Sayin’ It Ain’t Bein’ It

You may think yourself an ally, but that doesn’t make you one. Too many crusaders, dripping with self-belief and entitlement, elbow their way into spaces wanting to make a difference without really investing in the community.

Anti-abuse spaces are clogged with slacktivists who study the community from a distance, expecting to impact the lives of people they know precious little about. These people show up with great ideas that are great because they said so. They usually have a limited understanding (if any) of their own privilege and the power dynamics that animate it. They act with a lot of passion, but often lack people skills and wisdom.

You can’t be a good ally if you don’t know how to care for people. I’ve done work with numerous fair-minded, sincere people only to learn that at the end of the project, meeting, rally or dialogue, I become invisible again. Don’t be one of those people who are married to the cause and divorced from the people.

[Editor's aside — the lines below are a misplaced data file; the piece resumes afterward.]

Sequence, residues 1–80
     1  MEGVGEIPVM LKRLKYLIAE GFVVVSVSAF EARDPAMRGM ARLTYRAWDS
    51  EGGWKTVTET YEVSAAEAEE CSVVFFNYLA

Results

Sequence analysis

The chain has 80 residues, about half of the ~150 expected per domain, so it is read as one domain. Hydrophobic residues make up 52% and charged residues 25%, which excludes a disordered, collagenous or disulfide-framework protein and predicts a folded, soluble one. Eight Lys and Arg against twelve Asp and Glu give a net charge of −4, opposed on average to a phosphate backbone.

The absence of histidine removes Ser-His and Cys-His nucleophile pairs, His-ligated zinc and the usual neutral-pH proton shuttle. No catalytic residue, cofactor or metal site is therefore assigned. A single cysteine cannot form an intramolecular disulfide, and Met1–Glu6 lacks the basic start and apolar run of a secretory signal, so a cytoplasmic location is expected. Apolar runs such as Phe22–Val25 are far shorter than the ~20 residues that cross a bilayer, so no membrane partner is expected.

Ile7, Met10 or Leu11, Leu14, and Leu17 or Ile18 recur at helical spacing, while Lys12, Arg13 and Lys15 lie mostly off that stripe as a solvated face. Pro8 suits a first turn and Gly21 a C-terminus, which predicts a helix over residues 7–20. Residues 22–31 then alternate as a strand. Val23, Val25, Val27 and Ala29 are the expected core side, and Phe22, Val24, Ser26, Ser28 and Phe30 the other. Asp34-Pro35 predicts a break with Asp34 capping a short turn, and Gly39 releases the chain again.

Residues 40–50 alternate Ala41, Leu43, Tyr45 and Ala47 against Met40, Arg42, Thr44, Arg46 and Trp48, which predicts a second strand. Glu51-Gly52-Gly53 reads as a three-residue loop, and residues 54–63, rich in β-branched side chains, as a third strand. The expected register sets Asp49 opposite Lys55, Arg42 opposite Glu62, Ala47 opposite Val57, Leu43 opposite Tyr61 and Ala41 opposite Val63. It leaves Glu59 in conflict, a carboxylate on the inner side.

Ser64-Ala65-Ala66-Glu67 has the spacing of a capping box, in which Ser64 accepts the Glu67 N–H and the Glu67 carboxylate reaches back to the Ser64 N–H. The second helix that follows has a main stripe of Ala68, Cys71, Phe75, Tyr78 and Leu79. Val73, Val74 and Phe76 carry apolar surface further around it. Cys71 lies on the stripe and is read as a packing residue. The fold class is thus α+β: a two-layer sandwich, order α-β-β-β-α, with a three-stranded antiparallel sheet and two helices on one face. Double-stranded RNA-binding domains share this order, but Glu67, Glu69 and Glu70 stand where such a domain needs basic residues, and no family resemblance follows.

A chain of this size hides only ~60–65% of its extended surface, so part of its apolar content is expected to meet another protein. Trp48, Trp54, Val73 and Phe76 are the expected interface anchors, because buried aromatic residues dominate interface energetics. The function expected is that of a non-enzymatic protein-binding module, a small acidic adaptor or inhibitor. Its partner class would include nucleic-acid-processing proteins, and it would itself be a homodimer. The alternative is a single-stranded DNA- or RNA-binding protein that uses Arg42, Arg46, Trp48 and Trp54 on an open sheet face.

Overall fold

Becoming an ally begins with asking permission to be a listener, a supporter, and a co-worker. Be motivated by a love for people – not a need to erase whatever guilt, fear, or shame you feel because of the privileges you have. You can’t base a movement on that. To be an ally, you actually have to join the community, be mentored in it, and take your cues for action from your relationships with the people there.

Do the Work